Child Abuse Linked to Faith or Belief

Safeguarding Network

February 2024 - 4 minute read

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Faith abuse, which includes practices relating to a belief in spirit possession and witchcraft, is often a hidden crime which is under-reported but can have a significant impact on children.

Child abuse linked to faith or belief is not confined to one faith, nationality or ethnic community. Examples have been recorded worldwide across various religions including Christianity, Islam and Hinduism.

Faith abuse is often considered as part of the group that comes under the umbrella term of harmful practices.

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Definition of abuse linked to faith or belief

Child abuse linked to faith or belief can include a belief in concepts of:

  • witchcraft and spirit possession, demons or the devil acting through children or leading them astray (traditionally seen in some Christian beliefs),
  • the evil eye or djinns (traditionally known in some Islamic faith contexts) and dakini (in the Hindu context);
  • ritual or multi murders where the killing of children is believed to bring supernatural benefits, or the use of their body parts is believed to produce potent magical remedies;
  • use of belief in magic or witchcraft to create fear in children to make them more compliant when they are being trafficked for domestic slavery or sexual exploitation.

National FGM Centre

What do we know?

Research has suggested that in communities where there is child abuse linked to faith or belief, sometimes there is:

  • a community belief in things such as witchcraft; and/or
  • an influential person who promotes ideas such as people being possessed whilst also promoting abusing the child as the solution.

Coupled with this, parents/carers/abusers are more likely to have the belief that what they are doing will save the child, the family or the wider community and therefore it is for the greater good.

Examples of abuse include the child being:

  • beaten;
  • burnt;
  • cut/stabbed;
  • semi-strangled;
  • tied up;
  • or having chilli peppers or other substances rubbed on their genitals or eyes.

They may not be allowed near, or to share a room with, family members and/or be threatened with abandonment. They may also be persuaded that they are possessed. Appropriate medical care, supervision, education, good hygiene, nourishment, clothing or warmth may be withdrawn.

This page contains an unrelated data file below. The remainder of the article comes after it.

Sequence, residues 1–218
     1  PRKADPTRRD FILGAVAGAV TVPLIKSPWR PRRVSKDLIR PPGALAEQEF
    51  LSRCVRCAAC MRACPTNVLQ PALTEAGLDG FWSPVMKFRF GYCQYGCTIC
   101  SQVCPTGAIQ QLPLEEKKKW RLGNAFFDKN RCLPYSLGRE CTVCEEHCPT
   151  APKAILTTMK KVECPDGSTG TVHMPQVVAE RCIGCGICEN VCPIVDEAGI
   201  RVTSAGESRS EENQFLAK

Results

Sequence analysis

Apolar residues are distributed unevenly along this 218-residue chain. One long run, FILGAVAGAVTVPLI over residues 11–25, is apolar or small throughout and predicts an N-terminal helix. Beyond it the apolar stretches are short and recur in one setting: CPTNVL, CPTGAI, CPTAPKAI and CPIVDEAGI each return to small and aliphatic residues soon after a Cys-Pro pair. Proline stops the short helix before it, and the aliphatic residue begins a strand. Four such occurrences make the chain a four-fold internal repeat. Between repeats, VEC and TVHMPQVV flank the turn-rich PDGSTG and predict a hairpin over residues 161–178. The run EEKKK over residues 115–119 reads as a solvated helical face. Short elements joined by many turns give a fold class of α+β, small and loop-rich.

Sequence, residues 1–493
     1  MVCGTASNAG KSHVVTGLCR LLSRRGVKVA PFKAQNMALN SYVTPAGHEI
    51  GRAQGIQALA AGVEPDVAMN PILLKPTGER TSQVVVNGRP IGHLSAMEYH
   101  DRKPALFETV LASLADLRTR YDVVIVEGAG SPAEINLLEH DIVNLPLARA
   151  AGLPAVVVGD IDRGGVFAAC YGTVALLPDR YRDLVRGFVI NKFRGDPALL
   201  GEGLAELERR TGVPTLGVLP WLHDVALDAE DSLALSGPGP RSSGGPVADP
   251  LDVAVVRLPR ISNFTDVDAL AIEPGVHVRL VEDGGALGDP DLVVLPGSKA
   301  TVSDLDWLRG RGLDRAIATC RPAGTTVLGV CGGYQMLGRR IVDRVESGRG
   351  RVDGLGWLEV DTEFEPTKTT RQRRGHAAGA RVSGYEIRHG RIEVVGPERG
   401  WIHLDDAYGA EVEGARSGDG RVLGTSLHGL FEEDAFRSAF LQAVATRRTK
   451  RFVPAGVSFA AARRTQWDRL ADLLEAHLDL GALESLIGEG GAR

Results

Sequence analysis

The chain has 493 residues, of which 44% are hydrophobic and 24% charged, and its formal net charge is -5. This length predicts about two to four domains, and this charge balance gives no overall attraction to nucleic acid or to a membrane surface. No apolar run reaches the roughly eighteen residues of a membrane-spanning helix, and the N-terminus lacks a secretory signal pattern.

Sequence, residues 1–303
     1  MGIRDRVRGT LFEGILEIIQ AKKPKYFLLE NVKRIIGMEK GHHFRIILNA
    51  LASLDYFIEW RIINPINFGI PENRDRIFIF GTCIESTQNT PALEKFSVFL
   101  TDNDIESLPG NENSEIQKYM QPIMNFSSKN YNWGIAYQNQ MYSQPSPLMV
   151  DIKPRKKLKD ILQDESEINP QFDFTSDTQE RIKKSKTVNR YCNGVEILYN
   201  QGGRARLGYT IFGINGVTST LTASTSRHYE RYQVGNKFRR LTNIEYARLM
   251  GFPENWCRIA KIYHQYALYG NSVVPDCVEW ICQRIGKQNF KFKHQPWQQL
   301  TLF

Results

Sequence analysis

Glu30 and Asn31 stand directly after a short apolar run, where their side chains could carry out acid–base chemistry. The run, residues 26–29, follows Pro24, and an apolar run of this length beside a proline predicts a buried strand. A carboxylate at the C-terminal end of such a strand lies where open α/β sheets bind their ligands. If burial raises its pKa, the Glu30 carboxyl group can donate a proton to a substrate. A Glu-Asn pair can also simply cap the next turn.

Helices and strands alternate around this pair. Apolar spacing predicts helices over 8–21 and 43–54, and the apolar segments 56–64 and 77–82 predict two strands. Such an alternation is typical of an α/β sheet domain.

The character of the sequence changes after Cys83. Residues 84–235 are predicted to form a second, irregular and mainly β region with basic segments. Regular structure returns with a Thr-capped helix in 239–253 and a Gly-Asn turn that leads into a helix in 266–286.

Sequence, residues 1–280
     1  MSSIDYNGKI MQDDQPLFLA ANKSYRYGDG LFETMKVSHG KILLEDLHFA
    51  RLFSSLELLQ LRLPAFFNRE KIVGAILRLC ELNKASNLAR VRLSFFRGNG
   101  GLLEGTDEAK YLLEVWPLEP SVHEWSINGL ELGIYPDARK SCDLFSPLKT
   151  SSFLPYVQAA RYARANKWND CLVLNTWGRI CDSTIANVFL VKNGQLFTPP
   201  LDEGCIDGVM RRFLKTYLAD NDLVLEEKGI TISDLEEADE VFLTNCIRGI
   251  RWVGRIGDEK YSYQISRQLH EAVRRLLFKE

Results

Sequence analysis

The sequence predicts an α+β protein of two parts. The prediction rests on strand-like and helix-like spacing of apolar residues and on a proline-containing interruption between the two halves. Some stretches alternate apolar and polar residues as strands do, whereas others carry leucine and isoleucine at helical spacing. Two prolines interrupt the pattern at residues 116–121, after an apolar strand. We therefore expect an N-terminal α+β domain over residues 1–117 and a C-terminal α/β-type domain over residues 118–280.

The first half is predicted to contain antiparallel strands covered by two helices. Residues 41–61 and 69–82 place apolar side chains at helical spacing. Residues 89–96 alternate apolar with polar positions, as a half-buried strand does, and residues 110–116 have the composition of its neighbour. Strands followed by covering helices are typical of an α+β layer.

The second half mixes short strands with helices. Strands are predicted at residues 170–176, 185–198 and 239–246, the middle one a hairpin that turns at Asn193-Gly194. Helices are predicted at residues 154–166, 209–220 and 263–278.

Children who have been singled out in this way can be particularly vulnerable to sexual abusers within the family, community or faith organisation that use the belief as a form of control/threat. Exorcisms/deliverances may include sexually abusive practices such as having to undress and be bathed in the presence of others. Child traffickers may use these beliefs to control children.

It should be noted that a child can be abused as a result of faith or belief without these factors being present and not all those who believe in witchcraft or spirit possession harm children.

Additional vulnerabilities

Children of all ages and gender can be vulnerable to this form of abuse, however, children may be singled out for being ‘different’. Children with behavioural issues and/or additional needs or disabilities may be seen as possessed, as may children who are gifted and talented. If a child has recurring ill-health or is the result of a difficult pregnancy, this may also lead to them being singled out. It may be decided that a particular child in the family is responsible for the  misfortunes/difficulties within the family

Children living with extended family, carers other than their parents, in particular those in private foster placements can be at increased risk of abuse linked to faith or belief.

Spot the signs

Children may or may not know what is happening, however, you may:

  • hear children talking about being evil, having the devil beaten out of them, using specific words, e.g., kindoki, djinn, juju or voodoo;
  • see children’s behaviour change, for example becoming isolated, confused or withdrawn;
  • see a child’s appearance change, often deteriorating. They may start constantly wearing specific items to “protect them”;
  • notice a change in their school attendance, or they suddenly go abroad for a long holiday;
  • notice injuries.

What to do

As with all safeguarding matters, you must do something. You cannot pass it off as being “part of their culture” or worry about disrespecting the family’s beliefs. If you have concerns, you must act and speak with your designated safeguarding lead.

While different faiths/beliefs/communities/families have different practices, the definitions of physical, emotional, and sexual abuse, and neglect still hold true.

It may be that you do not feel that you have enough knowledge or experience of a particular family’s culture or practice, however, all you need to ask yourself is: is this harming or likely to harm the child? 

There is always a duty to keep the child safe, but when dealing with any allegation of child abuse linked to faith, belief, and/or cultural practices, agencies must also engage with individuals, families, and in some cases the wider communities, to challenge the belief that underlies the harm. You may have a role in this, however, your primary focus remains the safety of the child.


  • Branded a Witch – Mardoche’s Story

  • Mardoche Yembi – Advice for Professionals

  • Child abuse linked to faith or belief: An overview

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